caution tape that reads: Caution Gas Line Buried Below

Whether you’re a homeowner, contractor, or construction worker, you need to be aware of dangers when it comes to digging on a property. Hitting a buried utility cable may result in fines, property damage, injury or death. Planning ahead can help you to prevent electrical and natural gas accidents.

The law requires anyone planning to do digging, blasting or tunneling work to have the utility lines at the site marked before beginning the job. Even seemingly simple tasks like installing a mailbox, planting a tree, or building a deck require a call to the 811 Call Before You Dig hotline.

Quick Facts

  • Call 811 for any digging project, no matter how small.
  • The 811 service is free and available to all.
  • Representatives will mark any buried utility lines so you can dig around them.
  • Hitting a buried utility line may cause property damage, injury or even death.
  • Sometimes utility lines are buried at a shallow depth.
  • The law requires a call to 811 before digging.

Call Before Installing

  • Septic tanks and sewer lines
  • Swimming pools
  • Wells
  • Sprinklers and water lines
  • Basketball goal posts or mailbox posts
  • Fences and deck posts
  • Trees and shrubs

1) Call

Be safe before digging: call the national Call Before You Dig hotline at 811 or your specific state’s hotline. You should request your free line marking at least 3 working days before you plan to dig.

On the call, a representative will take information about your project and notify the appropriate utility companies. They will then come to your site and mark any underground utility lines, including power and gas lines, communication cables, and water lines. Once completed, the line marking is guaranteed accurate for 15 working days.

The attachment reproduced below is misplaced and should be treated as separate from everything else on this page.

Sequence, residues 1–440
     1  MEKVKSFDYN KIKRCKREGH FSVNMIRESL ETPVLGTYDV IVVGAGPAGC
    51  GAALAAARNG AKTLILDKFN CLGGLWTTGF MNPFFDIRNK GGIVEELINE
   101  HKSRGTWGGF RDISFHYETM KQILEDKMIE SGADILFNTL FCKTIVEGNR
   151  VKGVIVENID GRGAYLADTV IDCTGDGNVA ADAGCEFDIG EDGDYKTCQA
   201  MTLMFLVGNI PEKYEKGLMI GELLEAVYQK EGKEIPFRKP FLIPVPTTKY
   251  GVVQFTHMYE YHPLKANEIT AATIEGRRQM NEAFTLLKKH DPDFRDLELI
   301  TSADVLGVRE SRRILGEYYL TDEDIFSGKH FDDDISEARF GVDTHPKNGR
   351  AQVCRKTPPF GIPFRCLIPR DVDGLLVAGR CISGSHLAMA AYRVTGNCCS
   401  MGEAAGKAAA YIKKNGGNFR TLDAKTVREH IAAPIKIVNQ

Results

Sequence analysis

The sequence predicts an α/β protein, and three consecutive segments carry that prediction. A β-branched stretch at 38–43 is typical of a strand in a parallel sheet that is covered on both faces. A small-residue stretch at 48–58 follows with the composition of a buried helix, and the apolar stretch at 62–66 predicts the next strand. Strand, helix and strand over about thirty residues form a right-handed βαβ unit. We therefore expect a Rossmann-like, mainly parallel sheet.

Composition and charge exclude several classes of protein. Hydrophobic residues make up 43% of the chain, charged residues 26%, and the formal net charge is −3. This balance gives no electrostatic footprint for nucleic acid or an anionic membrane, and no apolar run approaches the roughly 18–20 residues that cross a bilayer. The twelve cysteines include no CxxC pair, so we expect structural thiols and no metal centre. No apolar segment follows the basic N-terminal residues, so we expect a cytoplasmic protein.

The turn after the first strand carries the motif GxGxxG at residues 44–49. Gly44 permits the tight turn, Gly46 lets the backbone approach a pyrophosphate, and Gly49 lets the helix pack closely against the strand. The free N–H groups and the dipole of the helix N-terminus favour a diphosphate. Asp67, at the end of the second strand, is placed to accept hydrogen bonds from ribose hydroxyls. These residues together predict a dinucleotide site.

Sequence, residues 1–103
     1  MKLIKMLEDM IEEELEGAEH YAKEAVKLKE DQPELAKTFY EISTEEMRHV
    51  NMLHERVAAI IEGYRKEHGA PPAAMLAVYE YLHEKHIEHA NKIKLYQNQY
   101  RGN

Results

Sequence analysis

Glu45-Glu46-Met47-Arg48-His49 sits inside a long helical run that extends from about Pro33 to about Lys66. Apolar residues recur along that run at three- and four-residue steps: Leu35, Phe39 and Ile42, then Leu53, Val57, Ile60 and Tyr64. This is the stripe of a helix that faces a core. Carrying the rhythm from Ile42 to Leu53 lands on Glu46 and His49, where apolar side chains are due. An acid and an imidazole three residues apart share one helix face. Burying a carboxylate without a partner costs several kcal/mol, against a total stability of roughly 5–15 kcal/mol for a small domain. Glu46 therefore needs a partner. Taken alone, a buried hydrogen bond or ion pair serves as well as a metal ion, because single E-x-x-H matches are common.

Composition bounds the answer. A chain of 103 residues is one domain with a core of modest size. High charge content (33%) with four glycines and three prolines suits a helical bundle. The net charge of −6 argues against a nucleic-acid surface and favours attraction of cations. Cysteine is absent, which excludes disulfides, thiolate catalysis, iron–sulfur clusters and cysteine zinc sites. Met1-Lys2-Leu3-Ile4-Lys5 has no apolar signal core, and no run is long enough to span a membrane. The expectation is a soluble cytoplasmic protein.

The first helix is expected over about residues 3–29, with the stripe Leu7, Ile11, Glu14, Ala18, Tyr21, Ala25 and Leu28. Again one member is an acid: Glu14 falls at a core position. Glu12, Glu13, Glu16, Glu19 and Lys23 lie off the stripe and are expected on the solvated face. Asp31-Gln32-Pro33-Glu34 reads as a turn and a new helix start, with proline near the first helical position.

2) Dig

After utility representatives inspect your site and mark any underground utility lines, it’s safe to dig around them, but remember to excavate with care. Location marks of underground utility cables have accuracy requirements that vary by state, ranging from 18 to 24 inches from the actual line.

811 and State Guidelines

The 811 Call Before you Dig website provides additional information about buried utility lines and precautions to take before digging. It also features a U.S. map where users can select any state to learn more about guidelines specific to that state and details about its 811 center.

Common Ground Alliance (CGA)

CGA, an underground utility industry body, is committed to saving lives and preventing damage to underground utilities and infrastructure. Find out more about buried utility lines and what to do before digging on the Common Ground Alliance website.